Skip to toolbar

Tag: Perception

Control Changes the Way We Look at the World

Published in: Journal of Cognitive Neuroscience, Volume 30, Issue 4, April 2018, 603-619 Abstract “The feeling of control is a fundamental aspect of human experience and accompanies our voluntary actions all the time. However, how the sense of control interacts with wider perception, cognition, and behavior remains poorly understood. This study focused on how controlling an external object influences the allocation of attention. Experiment 1 examined attention to an object that is under a different level of control from the others. Participants searched for a target among multiple distractors on screen. All the distractors were partially under the participant’s control (50%… Read More

You said you would! The predictability of other’s behavior from their intentions determines predictive biases in action perception

Published in: Journal of Experimental Psychology: Human Perception and Performance, Volume 44, Issue 2, 320-335 Abstract “The perception of an action is shifted farther along the observed trajectory if the observer has prior knowledge of the actor’s intention. This intention-action prediction effect is explained by predictive perception models, wherein sensory input is interpreted in light of expectancies. This study altered the precision of the prediction by varying the predictability of the action from the intention, to increase/decrease the predictive perceptual bias. Participants heard an actor state an intention (“I’ll take it”/“I’ll leave it”) before the actor reached or withdrew from an… Read More

Beyond opponent coding of facial identity: Evidence for an additional channel tuned to the average face

Published in: Journal of Experimental Psychology: Human Perception and Performance, Volume 44, Issue 2, 243-260 Abstract “Face identity can be represented in a multidimensional space centered on the average. It has been argued that the average acts as a perceptual norm, with the norm coded implicitly by balanced activation in pairs of channels that respond to opposite extremes of face dimensions (two-channel model). In Experiment 1 we used face identity aftereffects to distinguish this model from a narrow-band multichannel model with no norm. We show that as adaptors become more extreme, aftereffects initially increase sharply and then plateau. Crucially there is… Read More

Unconscious conflict adaptation without feature-repetitions and response time carry-over

Published in: Journal of Experimental Psychology: Human Perception and Performance, Volume 44, Issue 2, 169-175 Abstract “Leading theories of cognition linked executive control to consciousness or awareness. Evidence from masked priming experiments questioned this link, but without addressing possible confounds. Responding to a target after a masked prime, participants are slower if prime and target present conflicting (incongruent) than nonconflicting (congruent) information. Crucially, congruence in the previous trial modulates this congruence effect, presenting a congruence-sequence effect. This has been interpreted as conflict adaptation by executive control processes, but alternative explanations through trial-to-trial feature-repetitions and response-time (RT) carry-over are possible. Here, we… Read More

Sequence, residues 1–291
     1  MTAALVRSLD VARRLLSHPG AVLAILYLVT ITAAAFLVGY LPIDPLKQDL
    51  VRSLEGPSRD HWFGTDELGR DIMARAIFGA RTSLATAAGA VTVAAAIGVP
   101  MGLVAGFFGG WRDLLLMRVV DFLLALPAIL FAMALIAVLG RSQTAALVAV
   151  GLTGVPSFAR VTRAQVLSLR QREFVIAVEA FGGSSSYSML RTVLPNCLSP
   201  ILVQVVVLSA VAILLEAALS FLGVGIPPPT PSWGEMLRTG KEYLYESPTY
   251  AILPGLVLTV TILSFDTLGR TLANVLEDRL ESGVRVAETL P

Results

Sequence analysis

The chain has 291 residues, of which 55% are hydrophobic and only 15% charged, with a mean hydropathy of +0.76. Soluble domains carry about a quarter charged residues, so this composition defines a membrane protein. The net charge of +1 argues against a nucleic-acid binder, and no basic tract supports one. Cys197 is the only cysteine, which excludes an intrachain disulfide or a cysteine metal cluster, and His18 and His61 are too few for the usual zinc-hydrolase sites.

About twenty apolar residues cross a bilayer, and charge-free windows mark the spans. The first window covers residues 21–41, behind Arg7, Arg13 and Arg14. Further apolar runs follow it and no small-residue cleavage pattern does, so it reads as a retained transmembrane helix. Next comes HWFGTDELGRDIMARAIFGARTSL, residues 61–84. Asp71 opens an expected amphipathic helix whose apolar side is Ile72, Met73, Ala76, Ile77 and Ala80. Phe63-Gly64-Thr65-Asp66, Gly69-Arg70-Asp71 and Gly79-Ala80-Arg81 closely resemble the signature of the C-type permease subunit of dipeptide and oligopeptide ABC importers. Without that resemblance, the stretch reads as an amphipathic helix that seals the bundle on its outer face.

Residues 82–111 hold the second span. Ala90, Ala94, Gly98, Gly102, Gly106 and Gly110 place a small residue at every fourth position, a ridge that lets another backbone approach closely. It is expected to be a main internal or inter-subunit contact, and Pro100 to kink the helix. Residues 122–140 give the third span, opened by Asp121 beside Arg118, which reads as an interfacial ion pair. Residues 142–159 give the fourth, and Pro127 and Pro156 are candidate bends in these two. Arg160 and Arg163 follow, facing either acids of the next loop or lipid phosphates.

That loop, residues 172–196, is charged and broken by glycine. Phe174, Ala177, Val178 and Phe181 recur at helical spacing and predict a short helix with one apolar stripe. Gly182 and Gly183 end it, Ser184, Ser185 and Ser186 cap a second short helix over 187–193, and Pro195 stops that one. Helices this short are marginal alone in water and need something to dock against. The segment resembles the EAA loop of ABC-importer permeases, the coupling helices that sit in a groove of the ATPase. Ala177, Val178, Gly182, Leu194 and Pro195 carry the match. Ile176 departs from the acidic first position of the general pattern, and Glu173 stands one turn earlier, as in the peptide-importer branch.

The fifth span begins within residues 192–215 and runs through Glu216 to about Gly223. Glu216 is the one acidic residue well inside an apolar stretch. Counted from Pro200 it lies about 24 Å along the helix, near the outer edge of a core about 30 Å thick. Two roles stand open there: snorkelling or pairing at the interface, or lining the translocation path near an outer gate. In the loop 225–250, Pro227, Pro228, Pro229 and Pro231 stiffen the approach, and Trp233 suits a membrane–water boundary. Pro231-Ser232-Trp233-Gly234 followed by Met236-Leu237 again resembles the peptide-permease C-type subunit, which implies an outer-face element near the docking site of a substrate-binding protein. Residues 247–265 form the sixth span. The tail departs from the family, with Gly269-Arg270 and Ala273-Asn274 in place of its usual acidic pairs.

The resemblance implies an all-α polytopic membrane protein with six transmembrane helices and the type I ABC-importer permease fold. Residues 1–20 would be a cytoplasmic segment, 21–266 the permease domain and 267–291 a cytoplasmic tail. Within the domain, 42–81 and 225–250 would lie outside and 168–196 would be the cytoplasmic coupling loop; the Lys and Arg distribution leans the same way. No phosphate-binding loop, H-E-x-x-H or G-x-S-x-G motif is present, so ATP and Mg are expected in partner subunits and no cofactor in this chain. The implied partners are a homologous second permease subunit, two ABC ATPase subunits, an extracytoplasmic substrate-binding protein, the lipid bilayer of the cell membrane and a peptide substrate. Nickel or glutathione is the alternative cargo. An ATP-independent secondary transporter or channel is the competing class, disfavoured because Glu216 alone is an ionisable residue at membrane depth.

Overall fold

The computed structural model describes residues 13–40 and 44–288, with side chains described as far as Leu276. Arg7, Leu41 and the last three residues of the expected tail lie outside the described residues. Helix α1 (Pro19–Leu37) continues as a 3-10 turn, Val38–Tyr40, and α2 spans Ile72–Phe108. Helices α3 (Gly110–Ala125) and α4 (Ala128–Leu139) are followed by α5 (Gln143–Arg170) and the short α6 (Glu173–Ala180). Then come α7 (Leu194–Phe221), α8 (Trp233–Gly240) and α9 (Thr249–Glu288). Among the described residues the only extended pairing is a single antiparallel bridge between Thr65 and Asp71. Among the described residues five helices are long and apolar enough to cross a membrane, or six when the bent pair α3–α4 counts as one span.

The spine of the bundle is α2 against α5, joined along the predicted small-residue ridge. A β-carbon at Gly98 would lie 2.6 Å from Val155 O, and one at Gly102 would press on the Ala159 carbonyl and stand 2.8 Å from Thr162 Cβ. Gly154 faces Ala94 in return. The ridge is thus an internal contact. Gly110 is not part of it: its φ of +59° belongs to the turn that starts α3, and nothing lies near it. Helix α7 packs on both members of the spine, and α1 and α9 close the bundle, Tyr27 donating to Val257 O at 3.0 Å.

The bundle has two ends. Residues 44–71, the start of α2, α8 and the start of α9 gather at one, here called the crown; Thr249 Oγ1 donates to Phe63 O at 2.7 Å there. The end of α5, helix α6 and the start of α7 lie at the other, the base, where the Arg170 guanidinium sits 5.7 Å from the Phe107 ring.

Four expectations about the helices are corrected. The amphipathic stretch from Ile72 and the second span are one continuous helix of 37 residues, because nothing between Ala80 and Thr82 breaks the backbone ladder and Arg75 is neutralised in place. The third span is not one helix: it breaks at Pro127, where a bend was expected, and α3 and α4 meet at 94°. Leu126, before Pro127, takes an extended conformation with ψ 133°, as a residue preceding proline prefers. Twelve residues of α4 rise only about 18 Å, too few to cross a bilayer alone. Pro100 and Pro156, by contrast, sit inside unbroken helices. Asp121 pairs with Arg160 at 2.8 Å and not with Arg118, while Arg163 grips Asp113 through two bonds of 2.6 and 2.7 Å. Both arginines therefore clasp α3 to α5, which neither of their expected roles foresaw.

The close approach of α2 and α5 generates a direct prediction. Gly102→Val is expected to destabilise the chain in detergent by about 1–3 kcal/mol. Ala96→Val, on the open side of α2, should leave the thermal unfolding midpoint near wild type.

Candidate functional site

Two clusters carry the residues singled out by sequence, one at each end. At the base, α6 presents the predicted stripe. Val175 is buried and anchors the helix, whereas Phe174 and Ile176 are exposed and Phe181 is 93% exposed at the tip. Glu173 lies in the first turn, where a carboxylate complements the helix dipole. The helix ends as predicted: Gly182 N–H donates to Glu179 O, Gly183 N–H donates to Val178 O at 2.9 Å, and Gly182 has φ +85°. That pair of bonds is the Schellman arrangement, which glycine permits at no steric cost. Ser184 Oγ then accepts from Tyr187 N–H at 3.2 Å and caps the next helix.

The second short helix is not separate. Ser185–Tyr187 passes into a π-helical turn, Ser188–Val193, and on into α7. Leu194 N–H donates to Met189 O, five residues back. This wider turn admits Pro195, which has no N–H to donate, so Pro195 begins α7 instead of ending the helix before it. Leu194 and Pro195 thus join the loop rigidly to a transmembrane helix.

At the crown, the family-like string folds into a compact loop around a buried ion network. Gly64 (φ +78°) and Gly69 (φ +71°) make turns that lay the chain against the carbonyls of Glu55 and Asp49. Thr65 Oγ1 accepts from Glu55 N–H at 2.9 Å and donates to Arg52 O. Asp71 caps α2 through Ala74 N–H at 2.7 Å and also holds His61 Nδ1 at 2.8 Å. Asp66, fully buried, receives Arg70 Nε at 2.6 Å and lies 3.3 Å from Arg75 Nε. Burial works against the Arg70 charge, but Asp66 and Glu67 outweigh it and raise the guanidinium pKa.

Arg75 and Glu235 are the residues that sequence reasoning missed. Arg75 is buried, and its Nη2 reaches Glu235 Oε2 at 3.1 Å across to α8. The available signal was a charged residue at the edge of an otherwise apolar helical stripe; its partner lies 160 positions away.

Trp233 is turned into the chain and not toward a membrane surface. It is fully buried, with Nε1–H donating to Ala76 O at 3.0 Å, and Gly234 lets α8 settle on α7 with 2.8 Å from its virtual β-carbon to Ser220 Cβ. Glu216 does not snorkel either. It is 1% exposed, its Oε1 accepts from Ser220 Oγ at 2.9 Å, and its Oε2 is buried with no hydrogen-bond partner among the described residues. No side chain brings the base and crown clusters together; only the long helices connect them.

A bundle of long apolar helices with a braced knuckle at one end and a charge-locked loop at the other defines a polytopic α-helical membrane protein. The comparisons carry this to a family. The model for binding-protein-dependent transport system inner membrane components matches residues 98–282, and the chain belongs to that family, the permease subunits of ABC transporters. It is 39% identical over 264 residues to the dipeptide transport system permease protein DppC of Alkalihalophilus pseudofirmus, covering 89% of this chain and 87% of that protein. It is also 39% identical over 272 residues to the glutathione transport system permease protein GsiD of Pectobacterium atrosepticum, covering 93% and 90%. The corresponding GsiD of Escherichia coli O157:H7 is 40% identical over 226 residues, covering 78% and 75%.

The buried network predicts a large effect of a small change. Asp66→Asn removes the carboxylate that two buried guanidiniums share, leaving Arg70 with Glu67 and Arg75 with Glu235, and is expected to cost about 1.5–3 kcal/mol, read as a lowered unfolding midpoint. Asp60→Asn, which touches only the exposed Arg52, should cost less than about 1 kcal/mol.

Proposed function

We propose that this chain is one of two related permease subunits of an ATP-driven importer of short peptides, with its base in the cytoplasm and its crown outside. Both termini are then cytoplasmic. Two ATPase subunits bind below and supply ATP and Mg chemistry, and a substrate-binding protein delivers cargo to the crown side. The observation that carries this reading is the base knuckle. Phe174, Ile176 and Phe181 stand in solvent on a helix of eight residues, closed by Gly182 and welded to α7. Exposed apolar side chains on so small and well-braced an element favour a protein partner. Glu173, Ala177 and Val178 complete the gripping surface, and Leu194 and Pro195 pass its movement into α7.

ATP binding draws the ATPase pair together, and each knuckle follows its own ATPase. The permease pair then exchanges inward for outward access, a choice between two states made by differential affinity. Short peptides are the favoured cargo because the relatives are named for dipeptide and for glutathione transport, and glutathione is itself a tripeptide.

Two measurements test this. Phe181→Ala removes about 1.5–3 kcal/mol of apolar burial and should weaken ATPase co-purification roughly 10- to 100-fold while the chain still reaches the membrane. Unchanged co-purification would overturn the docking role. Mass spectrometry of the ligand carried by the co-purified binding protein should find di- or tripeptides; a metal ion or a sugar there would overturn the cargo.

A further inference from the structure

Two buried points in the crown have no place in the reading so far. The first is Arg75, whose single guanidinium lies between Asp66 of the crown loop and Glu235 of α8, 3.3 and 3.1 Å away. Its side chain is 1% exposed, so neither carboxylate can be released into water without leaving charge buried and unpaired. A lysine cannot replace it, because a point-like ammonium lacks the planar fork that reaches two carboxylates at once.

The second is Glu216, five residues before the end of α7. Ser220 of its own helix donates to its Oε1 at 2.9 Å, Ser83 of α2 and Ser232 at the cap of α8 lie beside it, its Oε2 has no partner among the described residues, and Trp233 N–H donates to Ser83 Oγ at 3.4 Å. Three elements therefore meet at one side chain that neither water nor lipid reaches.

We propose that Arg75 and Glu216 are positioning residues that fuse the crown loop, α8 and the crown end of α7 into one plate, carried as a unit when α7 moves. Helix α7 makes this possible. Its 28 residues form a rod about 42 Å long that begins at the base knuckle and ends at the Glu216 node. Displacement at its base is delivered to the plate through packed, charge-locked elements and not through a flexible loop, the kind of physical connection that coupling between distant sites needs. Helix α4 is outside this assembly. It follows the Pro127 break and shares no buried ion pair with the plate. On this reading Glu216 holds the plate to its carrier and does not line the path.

Facial age cues and emotional expression interact asymmetrically: age cues moderate emotion categorisation

Published in: Cognition and Emotion, Volume 32, Issue 2, 350-362 Abstract “Facial attributes such as race, sex, and age can interact with emotional expressions; however, only a couple of studies have investigated the nature of the interaction between facial age cues and emotional expressions and these have produced inconsistent results. Additionally, these studies have not addressed the mechanism/s driving the influence of facial age cues on emotional expression or vice versa. In the current study, participants categorised young and older adult faces expressing happiness and anger (Experiment 1) or sadness (Experiment 2) by their age and their emotional expression. Age cues… Read More

The Perceptual Basis of Vast Space

Published in: Psychonomic Bulletin & Review, Volume 24, Issue 6, December 2017, 1870-1878 Abstract ““Vast” is a word often applied to environmental terrain that is perceived to have large spatial extent. This judgment is made even at viewing distances where traditional metric depth cues are not useful. This paper explores the perceptual basis of vast experience, including reliability and visual precursors. Experiment 1 demonstrated strong agreement in ratings of the spatial extent of two-dimensional (2D) scene images by participants in two countries under very different viewing conditions. Image categories labeled “vast” often exemplified scene attributes of ruggedness and openness (Oliva & Torralba, 2001). Experiment 2 quantitatively… Read More

Aging enhances cognitive biases to friends but not the self

Published in: Psychonomic Bulletin & Review, Volume 24, Issue 6, December 2017, 2021-2030 Abstract “We measured changes in self and friend biases in perceptual matching in young and older participants. Participants learned associations between neutral geometric shapes and three personal labels (You, Friend, or Stranger), representing themselves, their named best friend, and a stranger not corresponding to anyone they knew. They then responded whether the shapes and labels matched or mismatched. In addition, participants reported the perceived personal distance between themselves, their best friend, and a stranger. Relative to young participants, older adults showed an increased bias toward matching their friends over strangers,… Read More